Releasing the huge potential for Africa in terms of social development and economic growth will ultimately come down to education and the employability of its young people and its future generations.
Yet in Africa today nearly half of the population are young people with little education with youth unemployment rates more than double those of adults in most African countries. Even those with a good education are often not prepared for work.
So the launch of AfricaWorking – an initiative that aims to help break a generational cycle of poverty by developing talent to provide the skilled employees and entrepreneurs that businesses need – is extremely welcome.
200,000 young people and 50,000 entrepreneurs are set to be supported by AfricaWorking, a new Association announced earlier this month by a group of companies, including Barclays Africa, Emerging World, FranklinCovey, Knod, Microsoft, Safal Group and Syngenta all came together to announce AfricaWorking. Support will include information, tools, resources, learning and training, mentoring, coaching, internships and job opportunities across a variety of industries, including business, technology, service, manufacturing, consumer good and agribusiness.
“Most large corporations are looking at youth skills development in one form or another, because it’s crucial to their business. The idea behind AfricaWorking is to bring these corporations together, align our efforts, share our learnings and build human capital on a pan-Africa scale,” says Lutz Ziob, Dean of the Microsoft 4Afrika Academy.
Charles Reed, General Manager for Community Investment for Barclays Africa, adds: “By 2045, Africa’s labour market is projected to be the biggest in the world. There is a great opportunity for us to engage the youth, help them develop relevant skills and find meaningful employment opportunities. Key to this is for us to collaborate and leverage technology where it makes sense to do so.”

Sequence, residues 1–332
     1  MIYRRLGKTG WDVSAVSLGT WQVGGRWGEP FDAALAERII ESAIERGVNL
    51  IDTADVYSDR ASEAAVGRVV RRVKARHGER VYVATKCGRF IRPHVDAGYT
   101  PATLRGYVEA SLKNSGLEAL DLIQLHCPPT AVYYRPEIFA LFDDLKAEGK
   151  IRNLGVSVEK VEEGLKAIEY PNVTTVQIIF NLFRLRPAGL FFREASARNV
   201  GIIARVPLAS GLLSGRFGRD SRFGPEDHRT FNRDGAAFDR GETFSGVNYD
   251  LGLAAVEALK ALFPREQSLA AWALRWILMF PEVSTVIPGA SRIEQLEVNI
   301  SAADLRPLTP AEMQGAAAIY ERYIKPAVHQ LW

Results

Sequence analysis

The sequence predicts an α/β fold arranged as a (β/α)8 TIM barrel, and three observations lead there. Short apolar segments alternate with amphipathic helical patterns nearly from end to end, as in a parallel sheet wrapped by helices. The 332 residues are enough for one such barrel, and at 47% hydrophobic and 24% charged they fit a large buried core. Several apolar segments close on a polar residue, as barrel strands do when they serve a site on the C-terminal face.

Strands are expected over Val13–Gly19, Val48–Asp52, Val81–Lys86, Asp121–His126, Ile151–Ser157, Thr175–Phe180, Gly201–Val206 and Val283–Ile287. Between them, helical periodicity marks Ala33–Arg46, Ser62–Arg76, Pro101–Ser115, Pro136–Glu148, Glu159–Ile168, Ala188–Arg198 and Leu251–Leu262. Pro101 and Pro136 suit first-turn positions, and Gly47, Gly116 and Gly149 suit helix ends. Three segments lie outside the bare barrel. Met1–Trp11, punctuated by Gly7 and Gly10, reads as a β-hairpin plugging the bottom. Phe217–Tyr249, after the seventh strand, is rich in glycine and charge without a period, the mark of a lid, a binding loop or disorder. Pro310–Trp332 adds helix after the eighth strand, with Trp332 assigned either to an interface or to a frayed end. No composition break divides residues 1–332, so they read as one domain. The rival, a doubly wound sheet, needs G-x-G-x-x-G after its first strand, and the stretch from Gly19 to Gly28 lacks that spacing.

The Association will leverage existing approaches and two bespoke ‘engines’ to help get youth career- and business-ready, and create a pipeline of recruitable talent for member companies. The initial platforms will leverage YouthWorks – a Microsoft entrepreneurship platform linking youth to career guidance, internships and entry-level job opportunities, and an employability platform powered by Knod. AfricaWorking members will use this platform to create their talent pipeline and shape the skilled employees when and where they need them, through real world projects that form the basis of this innovative learning model.
“There is currently a significant mismatch between the skills youth have and the skills employers are looking for. Our goal is to connect learners and employers in a unique 21st Century experience based learning model, which develops skilled youth and an energised workforce of competent employees,” says Graham Doxey, CEO and Founder of Knod.